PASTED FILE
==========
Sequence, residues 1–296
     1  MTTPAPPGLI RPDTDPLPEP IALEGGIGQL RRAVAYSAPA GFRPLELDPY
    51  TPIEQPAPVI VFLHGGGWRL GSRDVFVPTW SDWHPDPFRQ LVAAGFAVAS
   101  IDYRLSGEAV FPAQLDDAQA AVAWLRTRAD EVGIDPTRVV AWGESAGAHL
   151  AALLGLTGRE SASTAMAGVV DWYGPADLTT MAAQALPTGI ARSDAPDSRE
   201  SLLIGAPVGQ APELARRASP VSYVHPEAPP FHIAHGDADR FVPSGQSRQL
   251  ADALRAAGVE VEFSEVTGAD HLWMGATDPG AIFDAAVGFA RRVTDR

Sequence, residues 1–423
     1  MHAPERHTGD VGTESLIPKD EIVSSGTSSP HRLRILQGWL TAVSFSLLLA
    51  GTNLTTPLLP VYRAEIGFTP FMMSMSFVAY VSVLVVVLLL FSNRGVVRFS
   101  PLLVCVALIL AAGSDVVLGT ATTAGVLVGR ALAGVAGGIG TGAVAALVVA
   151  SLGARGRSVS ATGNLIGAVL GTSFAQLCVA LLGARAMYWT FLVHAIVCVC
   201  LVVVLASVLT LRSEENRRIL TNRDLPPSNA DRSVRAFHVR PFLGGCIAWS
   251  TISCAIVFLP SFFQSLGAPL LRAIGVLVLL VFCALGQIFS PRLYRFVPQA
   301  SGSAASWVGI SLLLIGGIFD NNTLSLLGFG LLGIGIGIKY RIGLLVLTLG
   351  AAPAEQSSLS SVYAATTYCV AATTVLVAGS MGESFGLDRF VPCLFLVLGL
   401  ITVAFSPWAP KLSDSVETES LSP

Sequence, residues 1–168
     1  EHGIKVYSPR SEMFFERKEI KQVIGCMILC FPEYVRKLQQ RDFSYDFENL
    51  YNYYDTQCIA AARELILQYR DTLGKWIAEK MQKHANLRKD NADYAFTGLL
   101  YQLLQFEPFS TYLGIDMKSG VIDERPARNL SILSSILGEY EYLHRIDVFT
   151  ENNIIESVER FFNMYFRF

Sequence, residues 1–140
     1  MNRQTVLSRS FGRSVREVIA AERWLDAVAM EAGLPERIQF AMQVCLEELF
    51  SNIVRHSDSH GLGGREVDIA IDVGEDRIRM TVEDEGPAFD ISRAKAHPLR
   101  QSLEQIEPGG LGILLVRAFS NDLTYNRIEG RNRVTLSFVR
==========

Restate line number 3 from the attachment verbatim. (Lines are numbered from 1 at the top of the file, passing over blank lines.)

    51  TPIEQPAPVI VFLHGGGWRL GSRDVFVPTW SDWHPDPFRQ LVAAGFAVAS